Mental Health and Gambling


Gambling is the wagering of money or something of value on an event with a random outcome, such as a scratchcard, slot machine or game of cards. There are many different reasons people gamble, from a desire to win money or material goods to a need for a sense of achievement. However, it is important to remember that gambling can be addictive and lead to harmful behaviours. Those with mental health problems may be more at risk of gambling. If you or someone you know has a gambling problem, it is important to seek help.

There are a number of different treatment options available, including cognitive behavioural therapy (CBT). This can help with issues such as faulty thinking patterns around betting, beliefs that certain rituals can increase your luck or the chances of winning and that you can make back any losses through gambling more. It can also be helpful for those who struggle with boredom or depression, by teaching them to relax in healthier ways, such as exercising, spending time with friends who don’t gamble or trying out new hobbies.

The CBT approach is often used in combination with other treatments. These include cognitive behavioural therapy for gambling disorder, family therapy and self-help groups such as Gamblers Anonymous. These are aimed at improving the way people think about gambling, and helping them to stop using it to cope with emotions or as an escape from problems.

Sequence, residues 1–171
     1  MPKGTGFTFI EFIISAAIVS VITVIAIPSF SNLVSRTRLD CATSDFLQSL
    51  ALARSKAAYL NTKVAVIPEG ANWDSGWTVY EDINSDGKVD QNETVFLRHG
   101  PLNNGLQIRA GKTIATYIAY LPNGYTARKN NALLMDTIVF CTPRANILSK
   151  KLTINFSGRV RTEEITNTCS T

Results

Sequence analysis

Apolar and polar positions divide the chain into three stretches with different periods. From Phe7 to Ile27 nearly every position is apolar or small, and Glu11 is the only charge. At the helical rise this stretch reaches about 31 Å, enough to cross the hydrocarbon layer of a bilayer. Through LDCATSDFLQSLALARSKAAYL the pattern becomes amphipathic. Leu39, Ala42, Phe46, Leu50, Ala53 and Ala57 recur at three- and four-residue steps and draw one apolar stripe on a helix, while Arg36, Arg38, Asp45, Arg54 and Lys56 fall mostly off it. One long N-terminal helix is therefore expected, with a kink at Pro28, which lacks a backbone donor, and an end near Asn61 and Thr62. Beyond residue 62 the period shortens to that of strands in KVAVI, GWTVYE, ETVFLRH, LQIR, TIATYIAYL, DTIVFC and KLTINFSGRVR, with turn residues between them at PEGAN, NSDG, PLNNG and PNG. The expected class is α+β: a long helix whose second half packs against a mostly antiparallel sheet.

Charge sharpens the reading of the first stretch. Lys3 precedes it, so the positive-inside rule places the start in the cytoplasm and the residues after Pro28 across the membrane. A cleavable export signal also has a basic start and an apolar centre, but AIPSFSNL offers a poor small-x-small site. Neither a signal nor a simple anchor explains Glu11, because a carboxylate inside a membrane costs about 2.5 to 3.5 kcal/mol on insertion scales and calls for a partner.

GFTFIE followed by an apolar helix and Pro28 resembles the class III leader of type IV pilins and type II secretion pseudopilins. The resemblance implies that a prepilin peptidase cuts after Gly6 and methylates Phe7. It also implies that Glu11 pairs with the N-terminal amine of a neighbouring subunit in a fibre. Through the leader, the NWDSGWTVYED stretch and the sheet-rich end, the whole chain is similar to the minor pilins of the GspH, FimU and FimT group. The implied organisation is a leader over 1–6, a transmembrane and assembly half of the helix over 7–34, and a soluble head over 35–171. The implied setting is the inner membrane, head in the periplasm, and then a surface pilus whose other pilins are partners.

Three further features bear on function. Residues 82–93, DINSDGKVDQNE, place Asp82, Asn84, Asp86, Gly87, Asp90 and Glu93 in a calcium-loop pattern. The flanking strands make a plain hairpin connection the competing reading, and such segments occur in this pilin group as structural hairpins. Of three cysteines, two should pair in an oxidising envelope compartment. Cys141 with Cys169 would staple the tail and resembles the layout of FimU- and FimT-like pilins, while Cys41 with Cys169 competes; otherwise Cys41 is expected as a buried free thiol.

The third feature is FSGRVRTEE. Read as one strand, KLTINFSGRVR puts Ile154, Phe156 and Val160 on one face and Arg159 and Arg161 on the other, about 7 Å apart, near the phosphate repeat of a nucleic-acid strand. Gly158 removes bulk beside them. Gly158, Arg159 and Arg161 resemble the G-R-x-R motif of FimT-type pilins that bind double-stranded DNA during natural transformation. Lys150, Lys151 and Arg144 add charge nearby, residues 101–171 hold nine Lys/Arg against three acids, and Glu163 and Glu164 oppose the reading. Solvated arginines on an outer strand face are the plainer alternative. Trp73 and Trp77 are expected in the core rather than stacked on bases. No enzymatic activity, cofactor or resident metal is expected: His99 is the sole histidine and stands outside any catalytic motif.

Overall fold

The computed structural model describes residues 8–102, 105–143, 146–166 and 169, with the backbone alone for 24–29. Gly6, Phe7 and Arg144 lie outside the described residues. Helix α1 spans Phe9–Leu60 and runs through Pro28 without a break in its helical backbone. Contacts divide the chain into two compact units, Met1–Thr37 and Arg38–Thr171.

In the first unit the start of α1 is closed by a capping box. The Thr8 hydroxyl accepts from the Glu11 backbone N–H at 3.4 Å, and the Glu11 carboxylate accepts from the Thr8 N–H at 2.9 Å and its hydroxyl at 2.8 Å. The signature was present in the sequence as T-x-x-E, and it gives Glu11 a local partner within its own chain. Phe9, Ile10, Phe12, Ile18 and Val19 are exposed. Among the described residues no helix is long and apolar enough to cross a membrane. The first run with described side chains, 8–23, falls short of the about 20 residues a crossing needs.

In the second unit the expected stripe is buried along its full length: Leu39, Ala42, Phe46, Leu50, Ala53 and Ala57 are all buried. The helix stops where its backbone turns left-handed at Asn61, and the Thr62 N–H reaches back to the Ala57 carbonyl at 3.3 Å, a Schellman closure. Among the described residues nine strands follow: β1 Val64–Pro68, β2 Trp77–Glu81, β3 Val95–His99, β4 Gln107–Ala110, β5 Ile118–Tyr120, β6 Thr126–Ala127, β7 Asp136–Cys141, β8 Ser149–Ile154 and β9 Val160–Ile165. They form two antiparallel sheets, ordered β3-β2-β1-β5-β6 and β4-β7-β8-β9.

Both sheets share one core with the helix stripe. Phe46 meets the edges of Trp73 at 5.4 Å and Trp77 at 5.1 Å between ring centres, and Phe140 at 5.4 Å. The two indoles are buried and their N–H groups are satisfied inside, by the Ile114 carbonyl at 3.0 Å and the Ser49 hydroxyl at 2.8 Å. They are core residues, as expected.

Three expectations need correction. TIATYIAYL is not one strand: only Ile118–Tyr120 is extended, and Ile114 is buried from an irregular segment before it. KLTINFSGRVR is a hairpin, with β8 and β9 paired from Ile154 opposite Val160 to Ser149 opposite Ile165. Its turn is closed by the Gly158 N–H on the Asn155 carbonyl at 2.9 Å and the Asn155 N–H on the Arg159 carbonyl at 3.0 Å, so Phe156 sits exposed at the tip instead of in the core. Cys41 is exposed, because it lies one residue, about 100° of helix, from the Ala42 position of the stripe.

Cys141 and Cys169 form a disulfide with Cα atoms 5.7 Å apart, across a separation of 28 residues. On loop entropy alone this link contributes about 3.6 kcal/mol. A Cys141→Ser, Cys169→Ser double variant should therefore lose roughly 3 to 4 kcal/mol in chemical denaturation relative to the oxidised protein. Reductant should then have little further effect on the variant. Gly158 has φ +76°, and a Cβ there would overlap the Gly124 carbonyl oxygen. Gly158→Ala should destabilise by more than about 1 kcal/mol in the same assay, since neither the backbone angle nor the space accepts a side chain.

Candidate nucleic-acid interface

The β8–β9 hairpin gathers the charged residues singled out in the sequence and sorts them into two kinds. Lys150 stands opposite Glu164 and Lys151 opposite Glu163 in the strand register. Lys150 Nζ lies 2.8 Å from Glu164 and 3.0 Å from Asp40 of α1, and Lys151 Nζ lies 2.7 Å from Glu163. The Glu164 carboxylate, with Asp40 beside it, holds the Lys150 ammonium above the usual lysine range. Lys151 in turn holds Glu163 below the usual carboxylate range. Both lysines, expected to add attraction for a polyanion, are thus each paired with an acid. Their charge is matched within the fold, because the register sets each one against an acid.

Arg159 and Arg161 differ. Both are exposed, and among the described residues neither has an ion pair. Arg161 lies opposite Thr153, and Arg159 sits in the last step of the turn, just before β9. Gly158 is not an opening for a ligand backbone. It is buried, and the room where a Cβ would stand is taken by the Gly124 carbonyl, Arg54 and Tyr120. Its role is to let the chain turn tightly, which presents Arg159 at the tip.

Research has shown that many people who have a gambling problem are also depressed and anxious. These people can be particularly at risk of suicide, so it is vital that they get help if they have thoughts of taking their own life. If you or someone you know has suicidal thoughts, call 999 or visit A&E immediately. Those with a gambling problem are also more at risk of debt, which can make the situation even worse. For confidential debt advice, speak to StepChange.

The main reason people gamble is the prospect of winning big. The thrill of gambling is a powerful emotion that activates the reward system in the brain and causes feelings of euphoria. Many people also like the social aspect of gambling, where they can interact with others and enjoy a variety of entertainment.

It is thought that the onset of pathological gambling (PG) usually occurs during adolescence or young adulthood, although it can start much earlier or later in life. PG is characterised by recurrent and relapsing episodes of problematic gambling behaviour.

The majority of people who have a gambling problem do not meet the diagnostic criteria for PG in the DSM-IV-TR. It is therefore useful to talk about a spectrum of disordered gambling, from those at higher risk of developing more serious problems (subclinical) to those who would meet the criterion for PG in the DSM-IV-TR. This term has been coined to distinguish this range from the broader category of addictive disorders, which is used to describe all types of substance and non-substance use disorders.